You may not be the custodial parent, but you still want to protect your right to regular visitation with your children. Obviously this works best if you have an amiable relationship with your ex, but let’s be real – that isn’t the most likely of situations.
If you want to ensure your visitation rights aren’t put at risk, you need to know the law, and make sure to hold up (and document) your end of the bargain to a T. To help you out, here are just a few of the tips shared in a great About.com Single Parents article on the subject:
1. Follow the Visitiation Schedule
It is extremely important for non-custodial parents to adhere to the visitation schedule set forth by the court. If there is any reason why a non-custodial parent cannot adhere to the visitation schedule, the parent should start by trying to communicate the need for a change with the child’s custodial parent.
2. Follow the Supervised Visitation Schedule, if Applicable
Supervised visitation may be considered supervised, court-ordered visitation with a third-party, which often takes place in a public area. Non-custodial parents should make the best of supervised visitation by developing a routine with the children during visits. It might be helpful to develop special games and discussions that will covered during the visit.
3. Put the Best Interests of the Child First
A non-custodial parent should put the best interests of the child first. Best interests of the child always includes putting the child’s needs first. Parents should ensure children have a safe place to stay and food to eat during their visits with parents. Additionally, parents should work together as much as possible to ensure a smooth transition to both homes for the children.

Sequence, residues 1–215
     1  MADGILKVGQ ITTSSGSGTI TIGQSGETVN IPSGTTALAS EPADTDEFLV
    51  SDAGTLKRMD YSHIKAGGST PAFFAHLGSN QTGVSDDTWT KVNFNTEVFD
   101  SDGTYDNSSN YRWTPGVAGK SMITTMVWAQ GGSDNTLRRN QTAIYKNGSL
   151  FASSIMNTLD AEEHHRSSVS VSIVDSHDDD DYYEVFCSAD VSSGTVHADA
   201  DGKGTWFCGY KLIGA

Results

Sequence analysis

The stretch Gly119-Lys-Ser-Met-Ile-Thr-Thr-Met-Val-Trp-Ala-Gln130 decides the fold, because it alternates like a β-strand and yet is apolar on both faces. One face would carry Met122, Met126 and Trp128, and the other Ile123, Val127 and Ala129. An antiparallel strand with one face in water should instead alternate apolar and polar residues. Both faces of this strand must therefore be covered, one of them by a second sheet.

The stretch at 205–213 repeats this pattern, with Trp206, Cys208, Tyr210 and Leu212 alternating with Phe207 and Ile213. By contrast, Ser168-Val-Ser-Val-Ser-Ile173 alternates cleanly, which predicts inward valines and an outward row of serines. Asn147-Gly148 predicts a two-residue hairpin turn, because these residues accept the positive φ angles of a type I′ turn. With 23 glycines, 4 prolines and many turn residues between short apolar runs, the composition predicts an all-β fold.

4. Pay for Child Support
Non-custodial parents who are charged with paying child support may set up an informal agreement with the child’s custodial parent which would allow the custodial parent to receive child support via cash, check. An informal agreement may also allow a non-custodial parent to pay a child care facility directly or purchase items for a child such as food or clothing. If a non-custodial parent sets up an informal arrangement with the custodial parent, the non-custodial parent should retain proof of all payments made such as check stubs or receipts for purchased items. Additionally, a parent may pay child support via a direct debit from the non-custodial parent’s pay, imposed on the court.
5. Track Your Child Support Payments
Non-custodial parents should track the child support payments made, specifically, if the non-custodial parent pays child support directly from his/her pay. The parent should keep copies of paystubs. If a non-custodial parent needs a modification of child support payments, the non-custodial parent should seek the assistance of an attorney or file a modification of child support.
The article goes on to share five more must-know tips for non-custodial parents as well, definitely take a look. Remember that, in addition to providing for your children, a large part of protecting your visitation rights is covering your own behind. Keep records of finances, any major events, school progress, etc., you never know what you may be challenged on, but when you are you need proof to show the judge.